patient care perspectives
Unmet Needs in the Treatment of Patients With Psoriasis
For more limited forms of psoriasis, there is a great need for topical therapies that can be used long-term. For more extensive disease, unmet needs include the development of oral therapies that might have the safety and efficacy to parallel that of the biologics.
Clinical Professor and Medical Director
“The development of oral therapies that have efficacy and safety profiles that are similar to those of the biologic agents would be a major advancement.”
There are numerous research opportunities in psoriasis and in psoriatic arthritis, with unmet needs in both areas. Mild to moderate psoriasis is the most common form, and there is a great need for topical therapies that can be used long-term. High-potency topical glucocorticoids are effective but should not be used chronically because they can cause skin atrophy and striae. A topical formulation of the phosphodiesterase-4 inhibitor roflumilast is being investigated for the treatment of plaque psoriasis; however, long-term safety and efficacy must be established. We currently have highly effective injectable biologic therapies for moderate to severe plaque psoriasis. We also have some oral therapies such as apremilast, which has moderate efficacy in chronic plaque psoriasis. Thus, the development of oral therapies that have efficacy and safety profiles that are similar to those of the biologic agents would be a major advancement.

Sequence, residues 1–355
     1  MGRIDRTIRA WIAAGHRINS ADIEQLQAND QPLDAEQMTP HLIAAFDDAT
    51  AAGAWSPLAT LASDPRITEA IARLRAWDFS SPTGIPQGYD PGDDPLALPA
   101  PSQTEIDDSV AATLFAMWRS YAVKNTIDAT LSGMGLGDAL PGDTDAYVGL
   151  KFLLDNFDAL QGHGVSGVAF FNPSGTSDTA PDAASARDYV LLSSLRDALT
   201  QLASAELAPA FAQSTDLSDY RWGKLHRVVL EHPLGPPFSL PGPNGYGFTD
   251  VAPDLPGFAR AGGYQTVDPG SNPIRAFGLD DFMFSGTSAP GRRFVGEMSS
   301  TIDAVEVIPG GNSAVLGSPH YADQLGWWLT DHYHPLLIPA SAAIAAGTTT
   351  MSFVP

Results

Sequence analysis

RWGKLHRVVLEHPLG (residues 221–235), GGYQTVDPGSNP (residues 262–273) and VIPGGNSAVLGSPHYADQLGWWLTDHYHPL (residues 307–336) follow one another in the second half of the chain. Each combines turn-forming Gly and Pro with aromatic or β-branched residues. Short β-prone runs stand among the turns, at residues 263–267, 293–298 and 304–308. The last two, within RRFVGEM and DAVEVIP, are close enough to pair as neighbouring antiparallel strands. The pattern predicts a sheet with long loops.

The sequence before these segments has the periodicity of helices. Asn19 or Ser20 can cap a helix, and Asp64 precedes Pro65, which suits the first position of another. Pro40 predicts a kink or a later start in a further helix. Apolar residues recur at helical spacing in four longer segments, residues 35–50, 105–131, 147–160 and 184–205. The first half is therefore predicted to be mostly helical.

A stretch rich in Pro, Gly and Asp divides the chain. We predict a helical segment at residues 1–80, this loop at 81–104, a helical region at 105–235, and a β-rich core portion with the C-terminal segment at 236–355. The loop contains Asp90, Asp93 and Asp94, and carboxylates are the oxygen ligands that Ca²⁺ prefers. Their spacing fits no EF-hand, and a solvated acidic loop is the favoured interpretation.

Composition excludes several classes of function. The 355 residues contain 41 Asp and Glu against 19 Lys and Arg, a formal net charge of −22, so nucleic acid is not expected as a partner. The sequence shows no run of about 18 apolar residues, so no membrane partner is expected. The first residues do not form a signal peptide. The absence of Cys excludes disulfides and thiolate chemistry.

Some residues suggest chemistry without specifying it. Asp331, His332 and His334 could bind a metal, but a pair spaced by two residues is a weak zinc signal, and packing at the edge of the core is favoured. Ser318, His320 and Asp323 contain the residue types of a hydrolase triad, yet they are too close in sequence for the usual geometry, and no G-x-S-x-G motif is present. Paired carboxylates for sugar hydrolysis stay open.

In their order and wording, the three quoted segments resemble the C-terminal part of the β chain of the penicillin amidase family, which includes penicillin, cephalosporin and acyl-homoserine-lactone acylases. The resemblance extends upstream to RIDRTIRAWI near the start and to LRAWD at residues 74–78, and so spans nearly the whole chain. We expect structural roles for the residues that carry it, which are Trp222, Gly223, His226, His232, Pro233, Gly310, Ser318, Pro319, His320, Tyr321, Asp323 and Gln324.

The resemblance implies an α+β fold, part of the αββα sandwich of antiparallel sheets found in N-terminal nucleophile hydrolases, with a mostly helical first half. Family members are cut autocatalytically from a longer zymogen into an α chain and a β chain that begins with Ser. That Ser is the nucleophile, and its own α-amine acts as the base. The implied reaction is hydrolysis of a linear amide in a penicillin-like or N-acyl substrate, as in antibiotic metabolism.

There are also many important unanswered questions with respect to the development of psoriatic arthritis, which occurs at some point in approximately 30% of those with psoriasis. We are not yet able to predict which patients with psoriasis will develop psoriatic arthritis and which patients with psoriatic arthritis will progress. Further, patients with psoriasis are also at an increased risk for metabolic syndrome and atherosclerotic disease, but we currently lack a regulatory pathway to approve systemic therapies for both psoriasis and cardiovascular risk reduction. That is a major need that I anticipate might be addressed in the future. The same need exists in the treatment of other chronic immunoinflammatory diseases that are associated with increased cardiovascular risk, such as rheumatoid arthritis.
Finally, there are significant needs related to the access to and affordability of the newer targeted therapies. The underdiagnosis and undertreatment of psoriasis is a complex problem that has been described in detail in numerous studies over the years. A key contributing factor to undertreatment, in my view, is that many clinicians may be reluctant to use some of the most effective therapies because of issues such as the administrative burden of biologic therapy and the out-of-pocket costs to patients. In settings that lack staff dedicated to attend to such issues (eg, prior authorizations, step therapy, documenting medical necessity), all of the pressures and incentives favor the use of less effective, less expensive therapies that are preferred by payors and covered by insurance plans.
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